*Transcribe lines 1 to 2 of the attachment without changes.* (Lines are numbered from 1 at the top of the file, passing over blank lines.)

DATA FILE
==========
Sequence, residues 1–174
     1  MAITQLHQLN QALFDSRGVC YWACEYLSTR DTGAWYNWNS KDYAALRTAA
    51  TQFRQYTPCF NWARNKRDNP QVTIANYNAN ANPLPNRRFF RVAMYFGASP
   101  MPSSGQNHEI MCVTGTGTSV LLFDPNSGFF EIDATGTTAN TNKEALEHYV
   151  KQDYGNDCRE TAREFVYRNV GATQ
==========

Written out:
Sequence, residues 1–174
     1  MAITQLHQLN QALFDSRGVC YWACEYLSTR DTGAWYNWNS KDYAALRTAA